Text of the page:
No drug, including Paxlovid, is a substitute for vaccination or public health measures aimed at reducing transmission, Jenne said. 

"This is a treatment designed to preserve life, not to limit viral numbers or viral spread." 

Restraining the virus

Paxlovid is a protease inhibitor. It restricts the virus that causes COVID-19 from replicating. 

"After you're infected, the virus is trying to copy itself and to do that, it has to make several large proteins," Jenne said.

"They make these large proteins that have to be cut up into little functional pieces …[the drug] actually inhibits the scissors that cut up those big proteins.

It stops the virus from assembling new viruses to go on and infect other cells or other people.-Craig Jenne

"It stops the virus from assembling new viruses to go on and infect other cells or other people."

The medication consists of two antiviral drugs, nirmatrelvir and ritonavir. Patients take three pills twice a day — two of nirmatrelvir and one of ritonavir. 

The full course of treatment is 30 pills over five days.

The two drugs work together to combat infection. Ritonavir enables nirmatrelvir to remain in the body longer while nirmatrelvir works to disable the virus's ability to replicate and multiply.

The drug will only be prescribed to patients who have a lab-confirmed COVID-19 infection and are able to receive the treatment within five days of feeling sick. It should only be taken by adults with mild to moderate symptoms.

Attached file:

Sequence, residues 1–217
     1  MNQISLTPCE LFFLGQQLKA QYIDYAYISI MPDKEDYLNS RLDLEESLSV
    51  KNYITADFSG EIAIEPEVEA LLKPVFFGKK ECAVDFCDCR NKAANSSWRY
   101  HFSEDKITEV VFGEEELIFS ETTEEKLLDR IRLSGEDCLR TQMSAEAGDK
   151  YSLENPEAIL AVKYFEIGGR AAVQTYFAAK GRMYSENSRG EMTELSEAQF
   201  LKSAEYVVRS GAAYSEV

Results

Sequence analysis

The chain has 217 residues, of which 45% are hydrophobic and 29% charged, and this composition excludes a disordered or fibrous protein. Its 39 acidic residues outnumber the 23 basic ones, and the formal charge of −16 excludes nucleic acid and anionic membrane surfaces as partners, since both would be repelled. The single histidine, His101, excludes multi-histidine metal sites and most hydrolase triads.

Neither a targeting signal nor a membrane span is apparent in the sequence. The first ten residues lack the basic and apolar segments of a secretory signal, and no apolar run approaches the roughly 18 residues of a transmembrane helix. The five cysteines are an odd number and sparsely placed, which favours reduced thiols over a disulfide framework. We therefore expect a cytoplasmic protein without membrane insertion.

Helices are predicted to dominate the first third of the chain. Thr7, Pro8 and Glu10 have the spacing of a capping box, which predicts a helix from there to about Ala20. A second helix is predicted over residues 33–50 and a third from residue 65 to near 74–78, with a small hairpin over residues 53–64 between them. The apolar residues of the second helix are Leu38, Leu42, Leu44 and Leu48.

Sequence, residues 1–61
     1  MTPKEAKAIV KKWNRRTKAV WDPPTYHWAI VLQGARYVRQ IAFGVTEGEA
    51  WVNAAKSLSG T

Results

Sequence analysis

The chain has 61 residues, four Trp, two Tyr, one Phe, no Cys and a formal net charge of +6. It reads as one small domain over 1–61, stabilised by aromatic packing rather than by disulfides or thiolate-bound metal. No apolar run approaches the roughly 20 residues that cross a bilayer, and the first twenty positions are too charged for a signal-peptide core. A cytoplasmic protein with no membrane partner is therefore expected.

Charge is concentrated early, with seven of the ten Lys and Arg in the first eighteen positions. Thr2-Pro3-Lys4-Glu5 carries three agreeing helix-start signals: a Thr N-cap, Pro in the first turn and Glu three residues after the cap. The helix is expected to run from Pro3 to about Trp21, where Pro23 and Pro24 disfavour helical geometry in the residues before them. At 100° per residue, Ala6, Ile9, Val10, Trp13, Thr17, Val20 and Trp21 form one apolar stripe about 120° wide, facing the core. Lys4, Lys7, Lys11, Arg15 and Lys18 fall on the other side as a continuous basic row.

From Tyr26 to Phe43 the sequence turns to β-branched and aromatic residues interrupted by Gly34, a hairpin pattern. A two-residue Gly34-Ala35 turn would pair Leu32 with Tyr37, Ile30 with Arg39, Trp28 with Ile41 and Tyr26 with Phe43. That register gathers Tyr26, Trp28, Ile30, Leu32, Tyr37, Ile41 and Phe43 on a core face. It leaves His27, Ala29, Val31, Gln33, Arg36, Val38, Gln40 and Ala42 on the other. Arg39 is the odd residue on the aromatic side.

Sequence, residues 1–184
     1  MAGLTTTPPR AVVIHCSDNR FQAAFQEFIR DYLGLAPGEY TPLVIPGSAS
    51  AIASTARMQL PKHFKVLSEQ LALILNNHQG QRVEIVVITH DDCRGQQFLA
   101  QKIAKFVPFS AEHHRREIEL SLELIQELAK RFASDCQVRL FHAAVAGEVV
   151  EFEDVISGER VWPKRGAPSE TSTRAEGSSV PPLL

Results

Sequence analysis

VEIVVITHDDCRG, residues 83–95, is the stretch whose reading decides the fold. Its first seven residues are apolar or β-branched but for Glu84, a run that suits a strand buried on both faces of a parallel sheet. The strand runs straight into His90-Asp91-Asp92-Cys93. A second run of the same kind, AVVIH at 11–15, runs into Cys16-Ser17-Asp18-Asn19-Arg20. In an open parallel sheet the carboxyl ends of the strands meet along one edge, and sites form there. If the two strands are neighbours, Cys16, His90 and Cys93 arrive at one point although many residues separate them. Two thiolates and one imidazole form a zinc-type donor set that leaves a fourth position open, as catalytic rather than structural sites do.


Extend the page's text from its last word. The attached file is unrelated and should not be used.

The drug will be available to unvaccinated Albertans who are 65 and older. Unvaccinated adults with pre-existing health conditions — including diabetes, chronic kidney disease and congestive heart failure — also qualify. Unvaccinated pregnant women are also eligible.

Immunocompromised Albertans with certain health conditions qualify, regardless of their vaccine status. 

Using the drug in a targeted way makes sense, Jenne said.

Widespread use of the medication could result in COVID-19 becoming resistant to the drug in the long term, he said. 

"Unfortunately for this virus, we don't have a lot of tools," he said. "This is an impactful one, but we want to make sure that we're not using this on everybody. 

"We want to make sure we use it sparingly and we use it only where necessary in order to prolong its efficacy in the community."

'Feeling lucky'

After Nelson got his lab results confirmed early Monday morning, the pills were delivered to his Calgary apartment within hours.

He still has symptoms but his fever has cleared.

"I feel pretty lucky," he said.

Patients who qualify for Paxlovid and have a positive lab test are encouraged to call Health Link at 1-844-343-0971 where they will be screened and referred to a prescribing physician. 


Wallis Snowdon is a journalist with CBC Edmonton focused on bringing stories to the website and the airwaves. She loves helping people tell their stories on issues ranging from health care to the courts. Originally from New Brunswick, Wallis has reported in communities across Canada, from Halifax to Fort McMurray. She previously worked as a digital and current affairs producer with CBC Radio in Edmonton. Wallis has a bachelor of journalism (honours) from the University of King's College in Halifax, N.S. Share your stories with Wallis at wallis.snowdon@cbc.ca.